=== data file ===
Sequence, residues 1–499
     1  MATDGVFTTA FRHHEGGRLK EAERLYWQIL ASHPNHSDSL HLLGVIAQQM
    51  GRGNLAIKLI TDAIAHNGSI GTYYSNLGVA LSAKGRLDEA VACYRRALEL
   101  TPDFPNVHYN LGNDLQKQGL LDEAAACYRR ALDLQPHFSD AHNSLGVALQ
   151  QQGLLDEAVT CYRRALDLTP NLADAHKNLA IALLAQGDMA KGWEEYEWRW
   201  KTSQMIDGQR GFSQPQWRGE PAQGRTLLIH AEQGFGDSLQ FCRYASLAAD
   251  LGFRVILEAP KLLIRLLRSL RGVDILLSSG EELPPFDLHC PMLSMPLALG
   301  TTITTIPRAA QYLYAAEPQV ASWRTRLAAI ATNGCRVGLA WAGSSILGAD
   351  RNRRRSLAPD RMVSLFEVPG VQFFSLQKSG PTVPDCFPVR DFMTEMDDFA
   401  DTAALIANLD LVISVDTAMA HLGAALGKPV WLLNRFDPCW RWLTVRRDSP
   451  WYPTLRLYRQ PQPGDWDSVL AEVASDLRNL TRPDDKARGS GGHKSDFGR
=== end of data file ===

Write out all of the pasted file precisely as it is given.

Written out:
Sequence, residues 1–499
     1  MATDGVFTTA FRHHEGGRLK EAERLYWQIL ASHPNHSDSL HLLGVIAQQM
    51  GRGNLAIKLI TDAIAHNGSI GTYYSNLGVA LSAKGRLDEA VACYRRALEL
   101  TPDFPNVHYN LGNDLQKQGL LDEAAACYRR ALDLQPHFSD AHNSLGVALQ
   151  QQGLLDEAVT CYRRALDLTP NLADAHKNLA IALLAQGDMA KGWEEYEWRW
   201  KTSQMIDGQR GFSQPQWRGE PAQGRTLLIH AEQGFGDSLQ FCRYASLAAD
   251  LGFRVILEAP KLLIRLLRSL RGVDILLSSG EELPPFDLHC PMLSMPLALG
   301  TTITTIPRAA QYLYAAEPQV ASWRTRLAAI ATNGCRVGLA WAGSSILGAD
   351  RNRRRSLAPD RMVSLFEVPG VQFFSLQKSG PTVPDCFPVR DFMTEMDDFA
   401  DTAALIANLD LVISVDTAMA HLGAALGKPV WLLNRFDPCW RWLTVRRDSP
   451  WYPTLRLYRQ PQPGDWDSVL AEVASDLRNL TRPDDKARGS GGHKSDFGR